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The Great Opportunity in the Golf Industry

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Amateur golf, not the professional golf on TV, has been the subject of many articles in recent years, and there have been few, if any positives when the subject is participation. Course closings, dramatic drops in play, retail chains selling golf equipment going out of business… and the list goes on. 

There is a melody in the wind, distant, but if you listen closely it’s growing. Reduced to numbers, it’s this: By The Year 2020, The Number of Americans Over 65 Will Increase by 55 percent.

Think of it this way. You own an Italian restaurant and you hear that Italy is closing and moving down the block. I don’t think the entire country will be dropping in, but you can bet I’m expanding the menu and sprucing the place up.

I realize that reaching 65 doesn’t mean automatically retiring and taking up golf and that some in this category already play, but if you just look at hard numbers the message is irrefutable. There are a whole bunch of folks that, starting in 2020, could have a positive impact on a game that has suffered participation losses. One could even conclude that now is a good time to formulate plans and programs to capture a chunk of this significant market.

What kinds of plans, you might ask. Well, to start, the industry has several organizations with well paid, skilled people who are more than capable of tackling such potential. Since I brought it up, I’ll throw out some thoughts, but I’m simply another amateur voice.

To start my big picture objective, I would engage the Golf Channel and get them actively on board. Why so much emphasis? Go back to the participation statistic. If we can’t get them on the bandwagon (they’re a for-profit business, and their business is golf) it’s time to head to the 19th hole and a cold one.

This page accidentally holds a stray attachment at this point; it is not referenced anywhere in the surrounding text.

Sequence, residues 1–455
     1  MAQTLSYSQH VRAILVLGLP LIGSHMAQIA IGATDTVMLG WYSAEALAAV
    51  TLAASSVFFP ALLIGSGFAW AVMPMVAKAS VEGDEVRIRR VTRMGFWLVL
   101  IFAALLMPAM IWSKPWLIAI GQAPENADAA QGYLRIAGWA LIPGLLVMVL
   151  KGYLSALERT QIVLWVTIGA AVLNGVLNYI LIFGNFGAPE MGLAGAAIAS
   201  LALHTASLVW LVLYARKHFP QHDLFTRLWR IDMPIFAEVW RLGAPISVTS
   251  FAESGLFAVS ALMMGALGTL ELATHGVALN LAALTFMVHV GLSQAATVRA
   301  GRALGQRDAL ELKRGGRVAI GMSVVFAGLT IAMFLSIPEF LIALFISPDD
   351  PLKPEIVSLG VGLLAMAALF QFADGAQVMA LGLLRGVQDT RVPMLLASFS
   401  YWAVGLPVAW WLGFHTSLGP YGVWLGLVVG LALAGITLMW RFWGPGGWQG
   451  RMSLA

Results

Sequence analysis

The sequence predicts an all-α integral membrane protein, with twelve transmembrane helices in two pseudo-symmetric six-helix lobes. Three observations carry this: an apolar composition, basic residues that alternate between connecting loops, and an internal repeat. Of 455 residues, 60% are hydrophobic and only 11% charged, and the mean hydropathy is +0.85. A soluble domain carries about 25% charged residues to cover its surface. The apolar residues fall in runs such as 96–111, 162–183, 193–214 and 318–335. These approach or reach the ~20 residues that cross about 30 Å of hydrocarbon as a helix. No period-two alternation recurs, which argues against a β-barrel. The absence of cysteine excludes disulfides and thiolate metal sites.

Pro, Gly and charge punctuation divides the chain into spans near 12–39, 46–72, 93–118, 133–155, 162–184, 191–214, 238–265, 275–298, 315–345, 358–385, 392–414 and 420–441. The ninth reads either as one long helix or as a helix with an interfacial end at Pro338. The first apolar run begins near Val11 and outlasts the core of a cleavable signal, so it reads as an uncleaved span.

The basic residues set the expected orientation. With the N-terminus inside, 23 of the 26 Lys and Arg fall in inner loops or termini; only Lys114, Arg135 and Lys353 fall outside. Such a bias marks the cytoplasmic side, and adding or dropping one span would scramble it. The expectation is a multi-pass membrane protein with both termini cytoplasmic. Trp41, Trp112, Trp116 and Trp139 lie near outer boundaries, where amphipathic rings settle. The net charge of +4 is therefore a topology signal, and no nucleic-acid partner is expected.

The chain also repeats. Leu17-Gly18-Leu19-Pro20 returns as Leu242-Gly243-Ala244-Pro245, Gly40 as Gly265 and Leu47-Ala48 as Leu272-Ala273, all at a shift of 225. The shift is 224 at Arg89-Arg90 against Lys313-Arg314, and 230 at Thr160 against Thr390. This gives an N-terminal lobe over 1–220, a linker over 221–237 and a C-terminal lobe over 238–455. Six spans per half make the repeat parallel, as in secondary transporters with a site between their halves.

What is on the bandwagon? Again, I’ll repeat, they’re the golf marketing experts. I prefer to be regaled by the quality and depth of their insight. Should they ask me, if it were “my restaurant,” I’d say we need a definitive culture on speed of play. Bringing in new players to “enjoy” slow play invokes the response “too slow, no fun” as they leave the premises.

Slow Play

I’m a very strong advocate of 3.5-3.75 hour rounds. I play with other old people and we have no problem with those times. We could run around and crowd the folks in front, but that’s just as objectionable as a 4.5-hour round.

“No Fun”

If we approach this (or any) group and say that golf is fun, we are being disingenuous. Golf is fun only if you are clear that the definition is the joy of overcoming a very difficult challenge. No one will defeat the game; the fun comes with small victories. Now Top Golf is fun, but it isn’t golf unless swinging one-handed while holding a cell phone in the other is the long lost magic move we’ve all missed. I still take the grandkids, though. It has beer and excellent viewing. 

Senior Lessons

I watch young, supple instructors showing swings that if I attempted I’d need a lifetime pass to the Chiropractic Institute. The market here is a 65-year-old group. They aren’t flexible, and many have scars and lesions from surgeries. I see the Golf Channel running a series on lessons specifically oriented to the physicality of the majority. My restaurant customers don’t like really spicy food, and I don’t try and teach them how to enjoy it.

Course Setups

Courses are set up with range flags tuned into tee markers. If you comfortably hit the ball to the green flag, play the green tees. Why? Go back to the paragraph on “too slow, no fun.” In this instance, the green tees allow the occasional chance to hit shots into a green that provides an “occasional victory.”

This issue isn’t about perfect ideas that guarantee success. It’s understanding that the amateur game is facing an opportunity that’s unique and significant to long-term stability.